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  • Writer's pictureLammergeier Staff

Dear Hiring Manager | Brittany Jones

Updated: Jul 29, 2023

Dear Hiring Manager,

I am thrilled to have the opportunity to apply for the Community Partnerships Manager position at your company. As a young professional passionate about creating more equitable, inclusive communities, I believe I am a strong candidate, and I am confident that, if you hire me, I will consistently exceed your expectations––whether I am recognized for this work or not.

My prior work with nonprofits––specifically with failing/underfunded nonprofits––have prepared me to effectively build strong relationships with key stakeholders and then convincingly cope with the fallout when those relationships inevitably end. While always devastating to some degree, I have consequently become increasingly resilient; in the face of adversity or challenge, I am quick to stand up and volunteer solutions––unless of course, as part of the solution, I am asked to stand down and leave (which I’ll do quietly, because I know at the end of the day it’s for the sake of those kids and communities we serve).

My work experiences, moreover, are varied and extensive. I’m 24––two years out of college––but already I’m searching for my fourth full-time job; I’ve let my resume reach its second page; I’ve filed tax returns in three states (including my most recent residence: my parents’ dining room); and I’ve been laid off twice. I’ve learned how to move in and out of makeshift spaces, how to come and go and pack quickly (or not at all) and move on. Never knowing how much time I’ll have before the end, I’ve become an adept new hire, rapidly adjusting to new roles and responsibilities while simultaneously evaluating how I might ultimately distill these months into bullet points for LinkedIn.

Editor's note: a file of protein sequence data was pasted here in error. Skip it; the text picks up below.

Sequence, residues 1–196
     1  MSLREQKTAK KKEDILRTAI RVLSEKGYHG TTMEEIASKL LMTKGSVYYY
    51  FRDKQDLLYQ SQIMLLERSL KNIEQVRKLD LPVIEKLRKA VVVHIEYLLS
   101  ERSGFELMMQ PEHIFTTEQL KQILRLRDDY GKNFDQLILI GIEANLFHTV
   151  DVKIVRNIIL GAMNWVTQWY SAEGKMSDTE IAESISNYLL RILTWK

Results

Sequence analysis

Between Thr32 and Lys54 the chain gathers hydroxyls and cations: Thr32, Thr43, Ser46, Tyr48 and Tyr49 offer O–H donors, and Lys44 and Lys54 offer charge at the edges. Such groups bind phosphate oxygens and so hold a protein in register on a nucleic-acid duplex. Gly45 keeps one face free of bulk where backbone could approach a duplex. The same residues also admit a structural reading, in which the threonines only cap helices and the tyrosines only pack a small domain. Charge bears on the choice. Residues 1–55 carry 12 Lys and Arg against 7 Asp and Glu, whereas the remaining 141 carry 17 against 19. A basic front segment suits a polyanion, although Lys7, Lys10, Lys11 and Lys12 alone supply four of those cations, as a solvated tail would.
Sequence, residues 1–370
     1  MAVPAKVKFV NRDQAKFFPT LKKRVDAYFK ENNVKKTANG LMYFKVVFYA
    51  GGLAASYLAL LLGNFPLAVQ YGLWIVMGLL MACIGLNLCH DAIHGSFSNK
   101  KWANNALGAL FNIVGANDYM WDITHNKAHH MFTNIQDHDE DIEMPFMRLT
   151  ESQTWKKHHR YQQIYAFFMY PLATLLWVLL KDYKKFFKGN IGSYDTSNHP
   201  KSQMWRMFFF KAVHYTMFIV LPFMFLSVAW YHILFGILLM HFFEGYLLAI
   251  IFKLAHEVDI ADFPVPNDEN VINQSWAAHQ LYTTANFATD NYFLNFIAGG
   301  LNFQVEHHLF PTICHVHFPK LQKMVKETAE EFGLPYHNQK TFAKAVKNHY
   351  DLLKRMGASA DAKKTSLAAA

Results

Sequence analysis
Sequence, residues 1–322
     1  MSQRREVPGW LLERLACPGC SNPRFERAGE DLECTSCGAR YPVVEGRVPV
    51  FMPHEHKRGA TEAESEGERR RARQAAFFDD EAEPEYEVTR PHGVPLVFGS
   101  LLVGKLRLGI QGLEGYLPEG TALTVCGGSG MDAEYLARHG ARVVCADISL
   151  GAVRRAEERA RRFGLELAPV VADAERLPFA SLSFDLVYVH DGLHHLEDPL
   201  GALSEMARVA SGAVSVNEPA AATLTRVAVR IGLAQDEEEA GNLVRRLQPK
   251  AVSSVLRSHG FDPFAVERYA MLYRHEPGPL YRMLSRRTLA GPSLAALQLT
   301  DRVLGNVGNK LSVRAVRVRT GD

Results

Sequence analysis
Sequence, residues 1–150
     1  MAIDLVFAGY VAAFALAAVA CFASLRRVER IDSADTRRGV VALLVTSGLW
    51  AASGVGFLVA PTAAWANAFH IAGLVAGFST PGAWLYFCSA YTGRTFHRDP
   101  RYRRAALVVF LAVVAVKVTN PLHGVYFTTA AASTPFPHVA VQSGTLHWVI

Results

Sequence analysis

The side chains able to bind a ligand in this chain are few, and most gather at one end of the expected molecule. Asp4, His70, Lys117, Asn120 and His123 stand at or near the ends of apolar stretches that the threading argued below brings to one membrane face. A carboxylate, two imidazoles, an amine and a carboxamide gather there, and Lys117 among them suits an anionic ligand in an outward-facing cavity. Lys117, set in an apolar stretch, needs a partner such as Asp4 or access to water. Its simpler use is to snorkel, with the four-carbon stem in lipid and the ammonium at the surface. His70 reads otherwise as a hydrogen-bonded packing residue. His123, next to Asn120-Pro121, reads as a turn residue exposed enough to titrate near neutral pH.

Should you select me for this position, you will soon discover that I am laid-back (when it comes to work-place politics, not my work itself), “chill,” and just about as submissive as you would expect from a young woman in an entry-level position. I try not to expect more than I’m given and, at the very least, do not ask for more than I’m given. Instead, I give more than I am asked for. I am, in other words, a model employee (a.k.a., a sucker).

Thank you for reviewing my resume and considering me for this position. I did not want to leave my other job, but I was given no choice, and if I have to go somewhere from there I may as well go here. I look forward to hearing back from you.



Everyone had heard the rumor that, if they chose to let you go, you’d come into work to find your belongings buried under the office’s floorboards, stuffed into holes crudely dug between the steel beams holding up the building.